The Linkery restaurant has been praised for the unique way it conducts its restaurant business. It was a farm-to-table restaurant that had a strict no-tipping policy. The ingredients came from local farmers. “Most people didn’t think it could be done, or at least not by us, but we were willing to do things totally “out of the box” and, one way or another, things work out.” The restaurant occasionally received emails and messages from people who did not like the way they ran their restaurant – that they listed all the farms on their menu, or that told the details of the changing menu. Perhaps most importantly, for their decision to charge for table service instead of taking tips.
In fact, in March 2010, the San Diego City Attorney’s office contacted The Linkery’s owner claiming that the restaurant violated California Business and Professions Code Section 12024.2 for unfair competition and making untrue or misleading representations about pricing. The restaurant charged an additional 18% on the total food bill for the service. This cost was clearly displayed on signs and on the menu to make it clear that the food has one price and the service another. Furthermore, takeouts were not subject to this service charge. Despite this, San Diego City Attorney’s office argued that the practice violated the Code Section 12024.2 for unfair competition and making untrue or misleading representations about pricing, even though many other similar businesses, such as caterings use the same system.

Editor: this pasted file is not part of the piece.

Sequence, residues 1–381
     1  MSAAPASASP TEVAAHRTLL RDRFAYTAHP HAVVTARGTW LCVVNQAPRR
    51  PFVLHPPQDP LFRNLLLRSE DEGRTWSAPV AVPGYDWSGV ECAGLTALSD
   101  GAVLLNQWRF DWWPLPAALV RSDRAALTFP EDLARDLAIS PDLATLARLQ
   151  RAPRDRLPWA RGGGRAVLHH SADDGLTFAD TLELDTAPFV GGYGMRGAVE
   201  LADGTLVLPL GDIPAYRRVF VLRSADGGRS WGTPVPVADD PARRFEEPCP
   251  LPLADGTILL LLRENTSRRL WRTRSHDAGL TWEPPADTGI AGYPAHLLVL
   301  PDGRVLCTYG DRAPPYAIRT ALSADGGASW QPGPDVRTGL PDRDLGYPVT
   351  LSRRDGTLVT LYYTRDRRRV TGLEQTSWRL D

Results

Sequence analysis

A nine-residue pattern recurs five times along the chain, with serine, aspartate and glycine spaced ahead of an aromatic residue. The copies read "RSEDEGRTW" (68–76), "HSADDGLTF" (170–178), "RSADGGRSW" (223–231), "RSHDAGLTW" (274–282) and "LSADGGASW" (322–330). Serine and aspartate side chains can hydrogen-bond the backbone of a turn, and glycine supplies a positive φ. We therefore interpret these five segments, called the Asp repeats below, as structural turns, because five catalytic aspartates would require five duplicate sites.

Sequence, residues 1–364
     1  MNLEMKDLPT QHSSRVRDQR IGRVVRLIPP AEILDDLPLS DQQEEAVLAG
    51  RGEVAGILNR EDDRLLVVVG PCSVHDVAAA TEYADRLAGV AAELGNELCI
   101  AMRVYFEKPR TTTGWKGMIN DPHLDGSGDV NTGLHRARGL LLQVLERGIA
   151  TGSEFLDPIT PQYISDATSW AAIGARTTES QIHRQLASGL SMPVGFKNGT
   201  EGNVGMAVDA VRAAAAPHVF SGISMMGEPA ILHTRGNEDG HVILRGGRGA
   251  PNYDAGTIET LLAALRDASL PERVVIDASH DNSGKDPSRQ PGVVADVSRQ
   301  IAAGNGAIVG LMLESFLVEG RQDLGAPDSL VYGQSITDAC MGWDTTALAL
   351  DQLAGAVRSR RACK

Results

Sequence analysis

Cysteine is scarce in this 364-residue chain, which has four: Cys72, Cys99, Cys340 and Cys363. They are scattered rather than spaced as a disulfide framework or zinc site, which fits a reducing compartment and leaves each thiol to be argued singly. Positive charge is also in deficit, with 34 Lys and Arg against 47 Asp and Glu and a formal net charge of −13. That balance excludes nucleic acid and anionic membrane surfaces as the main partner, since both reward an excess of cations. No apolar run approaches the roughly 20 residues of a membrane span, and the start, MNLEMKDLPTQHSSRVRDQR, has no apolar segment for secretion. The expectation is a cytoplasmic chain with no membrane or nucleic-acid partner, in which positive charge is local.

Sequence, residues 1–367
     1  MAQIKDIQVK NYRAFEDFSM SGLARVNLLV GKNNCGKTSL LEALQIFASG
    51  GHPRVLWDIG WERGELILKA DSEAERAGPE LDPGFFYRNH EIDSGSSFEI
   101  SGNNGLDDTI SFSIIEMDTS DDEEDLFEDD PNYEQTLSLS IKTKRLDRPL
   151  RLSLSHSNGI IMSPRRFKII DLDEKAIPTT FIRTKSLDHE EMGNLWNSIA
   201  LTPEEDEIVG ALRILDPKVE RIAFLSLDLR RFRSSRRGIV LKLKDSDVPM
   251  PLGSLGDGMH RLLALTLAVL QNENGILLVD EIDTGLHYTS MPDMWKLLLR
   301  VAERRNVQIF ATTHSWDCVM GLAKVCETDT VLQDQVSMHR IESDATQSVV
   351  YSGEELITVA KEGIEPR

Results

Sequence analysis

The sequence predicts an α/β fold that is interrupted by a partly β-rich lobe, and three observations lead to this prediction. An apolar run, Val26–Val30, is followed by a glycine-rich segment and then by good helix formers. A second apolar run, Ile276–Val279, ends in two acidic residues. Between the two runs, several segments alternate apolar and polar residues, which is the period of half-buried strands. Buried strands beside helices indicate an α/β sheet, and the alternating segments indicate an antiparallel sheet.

The attorney office backed from its claim and The Linkery was off the hook.